TikTok’s ‘Burnt Toast Theory’ Is All About Embracing Life’s Frustrations

Picture this: You’re making toast in the morning as per your normal routine, only this time, it burns. Maybe you’re distracted, or you set your toaster on the wrong setting. Whatever the reason, the charred piece of bread is unsalvageable and so, you’re forced to throw it out and make another batch. 
The whole process has added five minutes to your morning routine, so although it’s an objectively small inconvenience, you’re now running a bit late leaving the house, and therefore, arriving at work. You’re annoyed. But you jump in your car and head to work. But on the way, you see a car accident, and when you hear the details of the crash, you realise that had you left your house on time, it could have been you. That burnt toast — it might have saved your life.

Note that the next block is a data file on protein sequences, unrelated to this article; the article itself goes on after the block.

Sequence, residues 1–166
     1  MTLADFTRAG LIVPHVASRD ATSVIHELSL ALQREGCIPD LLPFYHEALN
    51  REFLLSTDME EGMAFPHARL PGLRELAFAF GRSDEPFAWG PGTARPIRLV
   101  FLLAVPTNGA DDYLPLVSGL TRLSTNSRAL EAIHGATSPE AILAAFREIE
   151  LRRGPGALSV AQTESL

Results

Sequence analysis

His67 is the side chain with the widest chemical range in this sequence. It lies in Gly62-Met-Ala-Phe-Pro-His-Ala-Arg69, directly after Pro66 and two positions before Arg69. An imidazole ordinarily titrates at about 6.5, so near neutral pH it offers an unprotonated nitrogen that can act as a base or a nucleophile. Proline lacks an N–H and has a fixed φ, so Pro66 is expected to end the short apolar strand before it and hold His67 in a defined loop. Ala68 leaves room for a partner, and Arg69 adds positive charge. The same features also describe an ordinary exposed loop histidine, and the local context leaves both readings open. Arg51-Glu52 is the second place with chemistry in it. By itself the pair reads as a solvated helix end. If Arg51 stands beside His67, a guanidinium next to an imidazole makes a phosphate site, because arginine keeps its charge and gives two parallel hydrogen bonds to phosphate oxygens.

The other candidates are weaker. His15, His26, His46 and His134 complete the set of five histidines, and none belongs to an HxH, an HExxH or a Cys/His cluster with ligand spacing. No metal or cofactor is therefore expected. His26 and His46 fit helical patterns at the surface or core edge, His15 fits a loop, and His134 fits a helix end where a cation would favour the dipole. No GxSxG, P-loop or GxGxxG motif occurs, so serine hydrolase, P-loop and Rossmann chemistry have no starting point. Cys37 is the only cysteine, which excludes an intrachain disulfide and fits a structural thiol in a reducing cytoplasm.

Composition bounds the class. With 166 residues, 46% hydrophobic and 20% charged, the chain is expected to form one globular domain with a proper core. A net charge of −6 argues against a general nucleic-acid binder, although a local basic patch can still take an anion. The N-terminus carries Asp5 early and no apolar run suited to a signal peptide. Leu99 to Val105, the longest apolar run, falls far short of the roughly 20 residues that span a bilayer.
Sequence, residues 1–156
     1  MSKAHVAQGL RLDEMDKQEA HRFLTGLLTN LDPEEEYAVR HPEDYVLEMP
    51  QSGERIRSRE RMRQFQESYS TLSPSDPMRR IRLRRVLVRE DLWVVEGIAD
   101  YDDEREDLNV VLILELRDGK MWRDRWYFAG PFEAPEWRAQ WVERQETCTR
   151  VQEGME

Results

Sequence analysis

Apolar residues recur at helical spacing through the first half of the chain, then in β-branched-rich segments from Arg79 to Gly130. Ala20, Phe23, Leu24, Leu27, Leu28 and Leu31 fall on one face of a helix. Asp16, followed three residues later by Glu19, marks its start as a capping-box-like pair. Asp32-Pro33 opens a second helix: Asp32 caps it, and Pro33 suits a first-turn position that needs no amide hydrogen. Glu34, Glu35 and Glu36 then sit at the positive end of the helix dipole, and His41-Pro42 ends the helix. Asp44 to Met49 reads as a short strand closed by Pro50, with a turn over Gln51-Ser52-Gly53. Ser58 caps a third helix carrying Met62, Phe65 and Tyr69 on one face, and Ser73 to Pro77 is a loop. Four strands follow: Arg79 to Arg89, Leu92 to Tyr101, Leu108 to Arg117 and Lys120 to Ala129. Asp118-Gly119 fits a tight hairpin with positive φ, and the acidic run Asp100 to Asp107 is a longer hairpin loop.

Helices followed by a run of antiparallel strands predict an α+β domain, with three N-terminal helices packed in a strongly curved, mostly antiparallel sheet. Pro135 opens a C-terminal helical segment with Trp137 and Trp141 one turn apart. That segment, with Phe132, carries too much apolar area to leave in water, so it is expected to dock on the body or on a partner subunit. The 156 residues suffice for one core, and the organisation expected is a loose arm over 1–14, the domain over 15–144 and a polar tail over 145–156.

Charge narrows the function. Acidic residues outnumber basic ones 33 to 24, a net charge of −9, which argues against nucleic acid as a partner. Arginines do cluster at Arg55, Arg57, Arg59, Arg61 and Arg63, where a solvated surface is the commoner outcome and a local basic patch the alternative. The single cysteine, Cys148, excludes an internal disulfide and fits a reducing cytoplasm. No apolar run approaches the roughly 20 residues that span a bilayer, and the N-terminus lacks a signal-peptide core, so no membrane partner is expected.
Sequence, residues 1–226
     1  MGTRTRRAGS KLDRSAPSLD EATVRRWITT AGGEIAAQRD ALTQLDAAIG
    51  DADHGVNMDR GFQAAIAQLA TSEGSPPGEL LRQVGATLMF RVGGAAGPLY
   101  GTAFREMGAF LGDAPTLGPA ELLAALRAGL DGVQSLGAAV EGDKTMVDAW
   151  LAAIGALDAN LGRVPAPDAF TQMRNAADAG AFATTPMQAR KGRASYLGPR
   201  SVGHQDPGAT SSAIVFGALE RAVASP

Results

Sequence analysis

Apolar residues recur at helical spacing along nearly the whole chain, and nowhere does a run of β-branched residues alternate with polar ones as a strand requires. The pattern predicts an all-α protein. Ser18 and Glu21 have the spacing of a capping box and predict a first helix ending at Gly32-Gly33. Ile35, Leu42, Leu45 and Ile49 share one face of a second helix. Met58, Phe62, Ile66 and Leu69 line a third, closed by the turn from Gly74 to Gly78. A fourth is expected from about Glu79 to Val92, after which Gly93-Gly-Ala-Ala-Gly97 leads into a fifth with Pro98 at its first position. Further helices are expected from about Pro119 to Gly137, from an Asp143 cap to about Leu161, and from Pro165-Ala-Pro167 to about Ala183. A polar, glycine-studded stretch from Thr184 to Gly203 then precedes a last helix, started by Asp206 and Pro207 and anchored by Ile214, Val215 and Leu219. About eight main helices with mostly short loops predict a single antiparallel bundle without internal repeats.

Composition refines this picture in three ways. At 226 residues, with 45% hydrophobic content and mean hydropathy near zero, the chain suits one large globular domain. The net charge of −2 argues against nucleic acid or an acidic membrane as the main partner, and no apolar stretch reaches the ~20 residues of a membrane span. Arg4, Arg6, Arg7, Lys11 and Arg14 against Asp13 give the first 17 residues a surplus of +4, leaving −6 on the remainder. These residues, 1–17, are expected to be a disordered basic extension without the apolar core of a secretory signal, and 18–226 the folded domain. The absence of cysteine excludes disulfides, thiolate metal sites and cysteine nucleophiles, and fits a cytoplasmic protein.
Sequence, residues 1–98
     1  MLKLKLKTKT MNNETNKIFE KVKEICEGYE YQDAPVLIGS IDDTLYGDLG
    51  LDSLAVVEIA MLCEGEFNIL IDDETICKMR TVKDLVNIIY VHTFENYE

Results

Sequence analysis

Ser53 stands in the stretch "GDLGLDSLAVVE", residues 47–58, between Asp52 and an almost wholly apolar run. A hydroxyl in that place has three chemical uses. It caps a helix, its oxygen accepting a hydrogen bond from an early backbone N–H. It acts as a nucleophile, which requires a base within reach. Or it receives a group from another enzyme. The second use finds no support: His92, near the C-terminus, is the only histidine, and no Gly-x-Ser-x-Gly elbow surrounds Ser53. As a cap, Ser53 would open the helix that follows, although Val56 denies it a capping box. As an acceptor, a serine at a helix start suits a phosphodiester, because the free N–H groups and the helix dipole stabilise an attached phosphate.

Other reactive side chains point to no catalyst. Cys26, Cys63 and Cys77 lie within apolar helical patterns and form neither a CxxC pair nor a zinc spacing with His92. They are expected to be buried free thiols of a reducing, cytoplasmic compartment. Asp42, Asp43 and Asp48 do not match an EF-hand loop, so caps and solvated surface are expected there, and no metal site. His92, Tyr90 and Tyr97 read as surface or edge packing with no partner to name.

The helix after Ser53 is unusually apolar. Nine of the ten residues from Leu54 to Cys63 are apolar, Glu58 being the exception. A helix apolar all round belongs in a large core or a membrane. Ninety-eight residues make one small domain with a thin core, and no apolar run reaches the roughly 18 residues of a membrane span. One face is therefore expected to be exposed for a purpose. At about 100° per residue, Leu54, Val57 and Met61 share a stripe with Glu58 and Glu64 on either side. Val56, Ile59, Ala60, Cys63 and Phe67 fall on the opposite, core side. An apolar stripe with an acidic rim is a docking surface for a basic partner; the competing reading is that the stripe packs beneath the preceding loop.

Here’s another scenario. Another morning — one where you’re running divinely on time — you decide to pick up a takeaway coffee on the way to work, but the barista is battling with a never ending stream of orders, so yours takes a few extra minutes. But as you stand in the café, waiting for your soy flat white, you stand next to someone you normally would’ve missed. Your eyes meet. Maybe they become the love of your life, or a best friend, or a career connection you never dreamed of. All because of that inconvenient wait for your coffee (in this scenario, another version of 'burnt toast').
Maybe those stories sound a bit cheesy, but they form the basis of what has become known as the 'burnt toast theory'. Coined on TikTok, this concept is becoming increasingly popular on the app, with many people now thoroughly embracing it as a means to view the world through a glass-half-full lens.
@offthe__grid Monday morning thoughts… shoutout to the internet for sharing this wisdom so passing it along 💖❤️‍🩹 #therapytiktok #advice #anxiousattachment #fyp ♬ original sound - Ingrid